(b) a second DC level shifting network having a second resistor and a second current Sink transistor serially connected to the other of said first and second emitter coupled transistors in said first differential amplifier stage for shifting the DC level of the output signal of said other transistor, said first and Second DC level shifting networks connected respectively to said first and Second emitter follower transistors in said second differential amplifier stage.

9. The amplifier circuit as defined in claim 8 wherein said output circuit means includes:

(a) a first output emitter follower transistor connected to the output of said first emitter coupled transistor in said second amplifier stage,

(b) a second output emitter follower transistor connected to the output of said second emitter coupled transistor in said second differential amplifier stage,

(c) common mode feedback means including a pair of differentially connected transistors, one of which is driven by said first and second output emitter followers and the other of which is connected to a bias potential, and

(d) means connecting one of said pair of differentially connected transistors in said common mode feedback circuit means to said second amplifier stage for providing a negative feedback signal thereto.

10. The amplifier circuit as defined in claim 9 where- (a) said output circuit means further includes first and second matched resistors connected respectively between said first and second output emitter follower transistors and said other transistor in said pair of differentially connected transistors in said feedback circuit means,

(b) a bias network connected to said one transistor in the last named pair of differentially connected transistors and also including a matched pair of resistors equal in value to said pair of resistors in said output circuit means, said bias network providing a reference potential for said one transistor in said pair of differentially connected transistors in said feedback circuit means, said reference potential equal to the DC potential applied to the other transistor in said last named pair of differentially connected transistors under static conditions.

11. The amplier circuit as defined in claim 10 which further includes:

(a) a first current sink diode connected between a common output point of said first named pair of matched resistors and a point of reference potential,

(b) a second current sink diode connected between a common output point of the other pair of matched resistors and a point of reference potential,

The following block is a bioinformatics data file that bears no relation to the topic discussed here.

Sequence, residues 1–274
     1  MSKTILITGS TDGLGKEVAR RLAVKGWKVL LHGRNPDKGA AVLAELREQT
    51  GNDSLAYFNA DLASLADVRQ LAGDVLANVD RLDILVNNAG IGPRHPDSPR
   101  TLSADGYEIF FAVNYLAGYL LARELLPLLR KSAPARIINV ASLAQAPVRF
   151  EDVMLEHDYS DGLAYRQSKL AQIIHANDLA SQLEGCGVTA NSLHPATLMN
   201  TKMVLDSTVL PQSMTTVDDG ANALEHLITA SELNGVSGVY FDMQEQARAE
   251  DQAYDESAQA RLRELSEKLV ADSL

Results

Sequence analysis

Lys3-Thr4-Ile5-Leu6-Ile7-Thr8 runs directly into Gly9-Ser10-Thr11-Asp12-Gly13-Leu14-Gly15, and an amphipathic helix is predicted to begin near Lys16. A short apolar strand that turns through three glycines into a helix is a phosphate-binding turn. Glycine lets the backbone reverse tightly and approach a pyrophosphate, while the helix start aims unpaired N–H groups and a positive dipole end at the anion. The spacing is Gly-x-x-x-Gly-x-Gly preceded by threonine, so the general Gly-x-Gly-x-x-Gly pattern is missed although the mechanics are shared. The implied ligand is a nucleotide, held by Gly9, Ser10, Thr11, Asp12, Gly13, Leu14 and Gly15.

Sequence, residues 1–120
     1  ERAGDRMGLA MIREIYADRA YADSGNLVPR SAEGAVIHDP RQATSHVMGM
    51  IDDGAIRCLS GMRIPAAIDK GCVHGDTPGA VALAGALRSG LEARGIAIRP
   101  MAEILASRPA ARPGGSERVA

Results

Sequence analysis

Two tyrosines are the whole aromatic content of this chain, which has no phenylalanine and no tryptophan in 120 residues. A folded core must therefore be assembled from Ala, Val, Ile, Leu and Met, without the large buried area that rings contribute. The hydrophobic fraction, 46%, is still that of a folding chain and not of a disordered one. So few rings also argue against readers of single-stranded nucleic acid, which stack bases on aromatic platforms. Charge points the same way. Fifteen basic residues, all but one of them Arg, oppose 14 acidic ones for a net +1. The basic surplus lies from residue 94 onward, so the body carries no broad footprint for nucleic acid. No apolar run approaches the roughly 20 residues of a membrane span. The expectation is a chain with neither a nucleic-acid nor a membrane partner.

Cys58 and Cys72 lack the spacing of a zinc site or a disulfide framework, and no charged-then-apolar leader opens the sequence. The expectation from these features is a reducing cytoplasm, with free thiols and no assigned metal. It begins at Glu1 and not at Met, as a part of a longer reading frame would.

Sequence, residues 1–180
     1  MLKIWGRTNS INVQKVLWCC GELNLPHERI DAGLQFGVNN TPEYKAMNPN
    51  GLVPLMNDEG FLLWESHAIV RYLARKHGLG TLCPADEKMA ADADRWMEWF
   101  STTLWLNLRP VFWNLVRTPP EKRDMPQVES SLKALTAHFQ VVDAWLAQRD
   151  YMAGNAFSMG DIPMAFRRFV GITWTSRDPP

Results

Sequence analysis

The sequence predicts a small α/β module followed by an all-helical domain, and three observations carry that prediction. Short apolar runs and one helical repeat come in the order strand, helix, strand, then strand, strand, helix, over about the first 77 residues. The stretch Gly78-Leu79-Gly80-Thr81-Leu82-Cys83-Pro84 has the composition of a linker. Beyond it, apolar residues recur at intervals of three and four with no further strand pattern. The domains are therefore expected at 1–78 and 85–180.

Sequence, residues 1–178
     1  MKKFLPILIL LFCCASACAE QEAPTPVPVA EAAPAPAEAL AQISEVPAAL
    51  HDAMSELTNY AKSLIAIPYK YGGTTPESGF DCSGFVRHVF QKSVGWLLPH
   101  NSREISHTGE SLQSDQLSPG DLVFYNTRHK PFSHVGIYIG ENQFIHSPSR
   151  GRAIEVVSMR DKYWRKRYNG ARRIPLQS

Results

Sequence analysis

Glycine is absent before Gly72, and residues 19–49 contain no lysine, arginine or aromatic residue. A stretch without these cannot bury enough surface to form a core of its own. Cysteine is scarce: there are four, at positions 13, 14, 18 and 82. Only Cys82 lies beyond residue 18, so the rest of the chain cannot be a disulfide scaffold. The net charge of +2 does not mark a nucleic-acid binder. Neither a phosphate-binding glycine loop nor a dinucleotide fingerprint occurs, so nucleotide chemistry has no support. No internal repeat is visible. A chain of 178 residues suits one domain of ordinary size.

(c) a temperature compensating diode connected as a current sink for the output of said emitter coupled transistors in said second differential amplifier stage, said temperature compensating diode providing ternperature compensation for: a first current sink transistor connected to the emitter coupled transistors in said first differential amplifier stage, a second and third current sink transistor in said first and second DC level shifting networks, respectively, and a fourth and a fifth current sink transistor which are connected to the outputs of said first and second output emitter followers respectively.

12. A differential amplifier including in combination:

(a) a differential amplifier stage having a current output node,

(b) an output stage having a sense node at which the variation in the quiescent point of the amplifier may be sensed, and

(c) a common mode feedback circuit including first and second differentially coupled transistors, said first transistor connected to a reference potential and said second transistor connected to said sense node, said second transistor further connected to said current output node and operative to vary the current in said differential amplifier stage in response to voltage Variations at said sense node, thereby stabilizing the quiescent point of said differential amplifier.

13. The differential amplifier defined in claim 12 which further includes an input differential amplifier stage connected to said first named differential amplifier stage, said input differential amplifier stage having a current sink transistor therein connected to said second transistor in said common mode feedback circuit, said current sink transistor responsive to current variations in said first named differential amplifier stage to further stabilize the quiescent point of said amplifier circuit.

14. The differential amplifier defined in claim 13 wherein said first named differential amplifier stage includes:

(a) first and second differentially coupled transistors connected to and driven by first and second emitter follower transistors,

(b) first capacitance feedback means connected between said first differentially coupled transistor and said first emitter follower transistor, and

(c) second capacitance feedback means connected between said second differentially coupled transistor and References Cited UNITED STATES PATENTS 3,281,703 10/1966 Bladen 330-26 X 3,290,520 l2/l966 Wennik 330-69 X FOREIGN PATENTS 849,316 9/1960 Great Britain.

OTHER REFERENCES Monolithic Differential Amplifier, Electronic Design, p. 38, 6-2165.

IC Operational Amplifier, The Electronic Engineer, p. 128, November 1966'.

ROY LAKE, Primary Examiner L. J. DAHL, Assistant Examiner U.S. Cl. X.R. 330-26

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US3648154 *Dec 10, 1970Mar 7, 1972Motorola IncPower supply start circuit and amplifier circuit
US3731215 *Aug 6, 1971May 1, 1973Gen ElectricAmplifier of controllable gain
US3735151 *Aug 16, 1971May 22, 1973Motorola IncOutput circuit for comparators
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Classifications
U.S. Classification330/256, 330/261, 330/260, 330/258
International ClassificationH03F3/45, H03F1/08
Cooperative ClassificationH03F2203/45402, H03F3/4556, H03F3/45502, H03F2203/45612, H03F1/083, H03F2203/45406, H03F2203/45418, H03F3/45085, H03F3/45538
European ClassificationH03F3/45S3A2A2, H03F3/45S3A1C1, H03F1/08B, H03F3/45S1A1, H03F3/45S3A1A2